Because of the lag between testing and reporting, the low number could simply reflect low turnout at the city’s testing sites on weekends — all month, new case counts have been lower on Tuesdays and Wednesdays. 

During a virtual news conference Tuesday, the city’s medical officer of health Dr. Vera Etches said she doesn’t read too much into a single day’s report.

“I don’t think we can make too much of 11. Actually, it could be a lot higher tomorrow — I would expect that, on average,” she said. “It’s too soon to celebrate.”

Provincewide, public health officials reported 1, 249 new cases Tuesday.

OPH also declared 62 cases resolved Tuesday, lowering the number of known active cases in the city to 462. Two more people have died, both in care homes currently experiencing outbreaks, raising the city’s COVID-19 death toll to 361. 

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Santa Claus isn’t coming to Ottawa’s major malls this year

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Santa Claus may still be coming to town this Christmas, but he won’t be dropping by any of Ottawa’s major malls, thanks to the COVID-19 pandemic.

On Friday, Cadillac Fairview said Santa won’t be making an appearance at any of its 19 malls across Canada, including Rideau Centre in downtown Ottawa. On Tuesday, Bayshore and St. Laurent shopping centres confirmed they, too, are scrapping the annual tradition.

“Due to the evolution of the situation in regards to COVID-19, we have made the difficult decision to cancel our Santa Program and Gift Wrap Program this year,” Bayshore spokesperson Sara Macdonald wrote in an email to CBC.

Macdonald said parent company Ivanhoé Cambridge cancelled all holiday activities “due to the rising number of COVID-19 cases across the country.”

Macdonald said families that had already booked an appointment to visit Santa will receive an email with more information.  

Virtual visits with Santa

Rideau Centre said based on customer research and discussions with public health officials, its North Pole is going online this year.

“Children will be able to have a private chat with Santa,” said Craig Flannagan, vice-president of marketing for Cadillac Fairview. “You’ll also be able to join a 15-minute storytime with Santa over Facebook Live.” 

At Place d’Orléans Shopping Centre, visitors are invited to take a “selfie with Santa” — actually, a life-size cutout of Santa Pierre, the man who’s been playing Santa at the east end mall for years.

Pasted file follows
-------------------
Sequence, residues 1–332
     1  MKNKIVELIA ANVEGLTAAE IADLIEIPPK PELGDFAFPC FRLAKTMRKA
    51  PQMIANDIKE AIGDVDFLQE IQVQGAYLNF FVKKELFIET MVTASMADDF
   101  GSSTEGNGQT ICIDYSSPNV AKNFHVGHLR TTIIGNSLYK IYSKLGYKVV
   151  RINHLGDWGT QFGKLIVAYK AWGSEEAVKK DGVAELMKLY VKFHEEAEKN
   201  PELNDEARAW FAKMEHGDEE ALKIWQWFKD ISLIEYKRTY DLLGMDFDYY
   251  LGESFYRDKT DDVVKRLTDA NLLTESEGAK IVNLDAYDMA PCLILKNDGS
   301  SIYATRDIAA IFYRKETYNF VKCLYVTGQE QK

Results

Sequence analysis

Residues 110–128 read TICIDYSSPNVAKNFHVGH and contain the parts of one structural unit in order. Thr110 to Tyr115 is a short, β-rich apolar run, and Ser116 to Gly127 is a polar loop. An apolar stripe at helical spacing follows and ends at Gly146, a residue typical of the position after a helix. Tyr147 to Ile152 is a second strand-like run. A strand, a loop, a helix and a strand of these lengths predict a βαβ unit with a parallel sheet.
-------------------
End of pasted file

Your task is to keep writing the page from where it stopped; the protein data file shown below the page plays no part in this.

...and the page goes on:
“We understand that this is not ideal, but in lieu of this tradition we will be doing what we can to maintain and encourage holiday cheer,” according to a statement on the mall’s Facebook page.

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Ottawa Bylaw breaks up two large parties in Ottawa over the weekend

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OTTAWA — Ottawa Bylaw is investigating social gatherings of more than 10 people in private homes across Ottawa last weekend.

Mayor Jim Watson tells Newstalk 580 CFRA that Ottawa Bylaw broke-up two house parties over the weekend, with 20 to 25 people at each party.

“That’s the kind of stupidity that angers me, that’s where the bulk of the transmissions are taking place, if we exclude the tragedy of the long-term care homes; it’s these house parties with unrelated people,” said Watson on Newstalk 580 CFRA’s Ottawa at Work with Leslie Roberts.

“The message doesn’t seem to be getting through, particularly to some young people who think they’re invincible.”

In a statement to CTV News Ottawa, Bylaw and Regulatory Services Director Roger Chapman says, “There are still ongoing investigations from this past weekend that could result in charges.”

Chapman says recent investigations led to two charges being issued for social gatherings of more than 10 people in a private residence in contravention of the Reopening Ontario Act.

“In one case, up to 30 individuals were observed attending a house party in Ward 18 on Oct. 24,” said Chapman.

“The second charge was issued following a house party in Ward 16 on Oct. 31, where up to 16 individuals were observed to be in attendance.”

The fine is $880 for hosting an illegal gathering.

Alta Vista is Ward 18, while Ward 16 is River Ward.

Ottawa Bylaw has issued 24 charges for illegal gatherings since the start of the pandemic.